We have learned many things during these past two years of a global pandemic and national unrest. One of those insights is that essential workers really are indispensable, and that our perception of “essential” may have been wrong before.
We always knew nurses and doctors were valuable and should be well compensated because they tend to our health. But did we fully value medical support staff, such as medical technicians and sanitary workers in hospitals, before they spent the last 18 months risking their lives to save ours?
We always knew teachers were important, but until they had to shift on a dime to virtual teaching last year – a method for which they had little to no prior training – we didn’t realize how we had undervalued their contributions.
And what about other interactive jobs such as store clerks, workers in shipping ports and home health aides? It’s a dilemma, and one our country must come to grips with, that so many people who are undocumented residents also hold jobs that were considered “essential” during the COVID-19 pandemic.
Then there are first responders such as police officers, firefighters and emergency medical technicians. Most of us recognize the value of first responders. From a philosophical perspective, public safety is the first function of government, and a main justification for paying taxes.
It has shocked many in Alexandria to learn in recent months that our first responders are among the lowest paid in the entire D.C. metro region. Their union leaders have shed light on not only salary rankings, but also extreme overtime requirements that many first responders face, the result of which appears to be an acute and growing staffing shortage.
Being a nurse or a teacher is a calling. These are at heart selfless jobs, as nurses have to not just administer medicine but also deal with the emotional trauma that caring for sick people entails. Teachers have the task of instilling knowledge in, keeping order among and providing emotional support for other people’s children.
Being a police officer or a firefighter is also a calling. First responders have to be fit and willing to risk their lives on a daily basis to protect others. Their jobs are among the most dangerous in our society – and they deserve to receive compensation commensurate with the risks they take each day.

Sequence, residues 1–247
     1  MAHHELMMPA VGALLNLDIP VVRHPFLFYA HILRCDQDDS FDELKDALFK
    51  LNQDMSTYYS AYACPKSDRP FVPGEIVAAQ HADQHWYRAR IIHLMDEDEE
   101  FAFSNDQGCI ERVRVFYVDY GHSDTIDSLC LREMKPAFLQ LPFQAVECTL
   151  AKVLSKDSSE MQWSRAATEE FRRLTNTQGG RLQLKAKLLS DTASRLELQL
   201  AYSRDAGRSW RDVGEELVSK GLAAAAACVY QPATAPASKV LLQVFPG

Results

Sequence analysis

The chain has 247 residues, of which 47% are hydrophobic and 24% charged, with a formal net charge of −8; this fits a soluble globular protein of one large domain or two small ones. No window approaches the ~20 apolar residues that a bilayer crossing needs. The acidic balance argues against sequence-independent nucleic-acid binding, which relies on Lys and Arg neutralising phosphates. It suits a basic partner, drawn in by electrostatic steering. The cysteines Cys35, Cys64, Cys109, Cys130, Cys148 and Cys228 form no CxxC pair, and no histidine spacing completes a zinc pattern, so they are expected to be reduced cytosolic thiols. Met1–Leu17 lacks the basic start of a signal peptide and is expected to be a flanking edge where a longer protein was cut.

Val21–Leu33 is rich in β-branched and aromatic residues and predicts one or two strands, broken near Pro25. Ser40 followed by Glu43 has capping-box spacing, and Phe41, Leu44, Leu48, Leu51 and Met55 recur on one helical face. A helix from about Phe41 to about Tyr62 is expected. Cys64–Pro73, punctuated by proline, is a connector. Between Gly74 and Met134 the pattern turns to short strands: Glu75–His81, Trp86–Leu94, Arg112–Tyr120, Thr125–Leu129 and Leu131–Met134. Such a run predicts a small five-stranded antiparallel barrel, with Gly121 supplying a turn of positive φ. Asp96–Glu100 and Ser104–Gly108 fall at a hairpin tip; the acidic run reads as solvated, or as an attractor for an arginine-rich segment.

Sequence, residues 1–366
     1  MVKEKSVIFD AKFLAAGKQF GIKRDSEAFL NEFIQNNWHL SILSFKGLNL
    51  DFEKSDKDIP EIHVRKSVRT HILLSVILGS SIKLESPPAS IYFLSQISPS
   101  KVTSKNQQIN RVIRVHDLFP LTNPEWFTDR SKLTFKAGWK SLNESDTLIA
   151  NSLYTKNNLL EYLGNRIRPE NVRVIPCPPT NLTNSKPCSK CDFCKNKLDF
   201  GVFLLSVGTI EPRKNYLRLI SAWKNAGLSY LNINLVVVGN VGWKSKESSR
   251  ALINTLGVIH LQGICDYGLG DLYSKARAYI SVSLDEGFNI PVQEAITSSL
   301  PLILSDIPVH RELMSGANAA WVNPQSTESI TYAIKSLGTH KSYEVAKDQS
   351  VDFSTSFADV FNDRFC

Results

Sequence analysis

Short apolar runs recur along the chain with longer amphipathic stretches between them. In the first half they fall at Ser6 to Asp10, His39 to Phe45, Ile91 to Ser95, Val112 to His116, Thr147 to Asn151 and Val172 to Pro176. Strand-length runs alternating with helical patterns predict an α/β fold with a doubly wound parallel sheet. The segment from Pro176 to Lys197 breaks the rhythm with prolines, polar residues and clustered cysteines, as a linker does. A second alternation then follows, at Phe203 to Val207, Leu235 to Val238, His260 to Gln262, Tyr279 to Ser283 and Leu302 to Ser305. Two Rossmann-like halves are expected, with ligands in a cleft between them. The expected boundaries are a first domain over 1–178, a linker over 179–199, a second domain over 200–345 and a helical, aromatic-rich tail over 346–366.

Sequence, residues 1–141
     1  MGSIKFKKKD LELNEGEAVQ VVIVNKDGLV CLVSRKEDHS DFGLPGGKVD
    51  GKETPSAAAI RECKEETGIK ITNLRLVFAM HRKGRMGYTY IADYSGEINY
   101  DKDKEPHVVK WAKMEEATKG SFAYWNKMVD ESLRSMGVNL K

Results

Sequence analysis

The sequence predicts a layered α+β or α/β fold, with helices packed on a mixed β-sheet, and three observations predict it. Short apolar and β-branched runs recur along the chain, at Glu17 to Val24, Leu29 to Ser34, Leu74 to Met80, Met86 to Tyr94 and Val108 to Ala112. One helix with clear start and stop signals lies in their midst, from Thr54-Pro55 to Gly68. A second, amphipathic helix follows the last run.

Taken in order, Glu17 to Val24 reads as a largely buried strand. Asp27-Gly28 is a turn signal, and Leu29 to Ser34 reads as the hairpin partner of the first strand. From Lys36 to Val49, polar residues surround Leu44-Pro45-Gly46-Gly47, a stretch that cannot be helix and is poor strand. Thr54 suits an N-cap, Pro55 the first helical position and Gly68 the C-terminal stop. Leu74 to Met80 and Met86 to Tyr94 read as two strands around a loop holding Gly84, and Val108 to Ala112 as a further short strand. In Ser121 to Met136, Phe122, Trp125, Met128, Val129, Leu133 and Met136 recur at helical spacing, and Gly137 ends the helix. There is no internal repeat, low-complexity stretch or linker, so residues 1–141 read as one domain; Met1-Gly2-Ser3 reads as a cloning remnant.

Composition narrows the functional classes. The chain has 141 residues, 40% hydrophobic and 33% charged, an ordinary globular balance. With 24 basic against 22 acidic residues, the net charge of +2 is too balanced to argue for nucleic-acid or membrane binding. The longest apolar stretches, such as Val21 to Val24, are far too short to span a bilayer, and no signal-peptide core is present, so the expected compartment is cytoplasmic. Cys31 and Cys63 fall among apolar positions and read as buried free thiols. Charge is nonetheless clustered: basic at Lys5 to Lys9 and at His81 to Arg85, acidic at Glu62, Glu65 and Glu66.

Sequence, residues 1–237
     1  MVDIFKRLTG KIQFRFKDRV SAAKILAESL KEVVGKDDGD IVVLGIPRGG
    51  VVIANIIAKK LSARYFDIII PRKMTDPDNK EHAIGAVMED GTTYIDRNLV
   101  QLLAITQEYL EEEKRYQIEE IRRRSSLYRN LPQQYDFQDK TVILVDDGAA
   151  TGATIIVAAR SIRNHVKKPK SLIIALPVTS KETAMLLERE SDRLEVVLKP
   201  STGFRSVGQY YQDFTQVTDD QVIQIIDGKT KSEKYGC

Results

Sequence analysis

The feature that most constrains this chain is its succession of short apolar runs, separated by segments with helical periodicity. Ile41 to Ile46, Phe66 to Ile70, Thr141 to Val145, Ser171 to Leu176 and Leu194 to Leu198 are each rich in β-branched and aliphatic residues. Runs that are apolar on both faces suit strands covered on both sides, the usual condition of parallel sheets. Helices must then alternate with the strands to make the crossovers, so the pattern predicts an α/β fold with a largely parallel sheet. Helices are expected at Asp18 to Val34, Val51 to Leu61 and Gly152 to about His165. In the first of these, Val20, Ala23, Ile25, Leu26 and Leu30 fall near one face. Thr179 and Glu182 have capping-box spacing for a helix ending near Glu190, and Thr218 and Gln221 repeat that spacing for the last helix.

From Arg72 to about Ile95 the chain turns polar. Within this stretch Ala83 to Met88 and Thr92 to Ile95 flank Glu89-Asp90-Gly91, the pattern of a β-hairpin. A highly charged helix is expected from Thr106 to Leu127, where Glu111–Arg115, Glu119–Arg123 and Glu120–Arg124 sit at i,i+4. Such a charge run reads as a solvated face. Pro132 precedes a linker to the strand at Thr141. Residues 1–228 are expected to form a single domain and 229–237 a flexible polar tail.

Which brings us to the crux of the problem with adequately compensating Alexandria’s first responders: They deserve to be paid on a higher scale than that of other city workers.
Paying one group of workers more than another is a dilemma because it brings into conflict the principles of equal outcomes for all with the fact that the work of some people is more valuable in a market economy than that of others.
In fact, it’s more difficult to find people who are willing and able to be police officers or firefighters than it is to find someone to work behind a desk – or at an array of other city jobs for which limited experience is required and many people are qualified. It’s the free market concept of supply and demand: Scarce workers command higher salaries than plentiful ones.
City budget planners are presenting a misleading picture when they say almost $3 million is necessary to give public safety employees even a 1% raise in the fiscal year 2023 budget, because they continue to consider compensation for most city employees as a whole rather than separating out public safety officers.
In fact, a 1% raise for public safety officers alone would be $940,000, while a 10% raise – which is what the police union says is necessary to make Alexandria’s force truly competitive regionally – would be $9,400,000. It would be almost three times that much if all city employees were given the same raise. For more information, see the Times’ page one story, “Council kicks off budget planning.”
Police officers, firefighters and EMTs are simply the most essential and irreplaceable city workers. They need to be paid on a higher scale than less essential workers, and they need to be paid the regional market rate.
That’s the only way to provide the best possible public safety in Alexandria without creating an overwhelming tax burden for residents.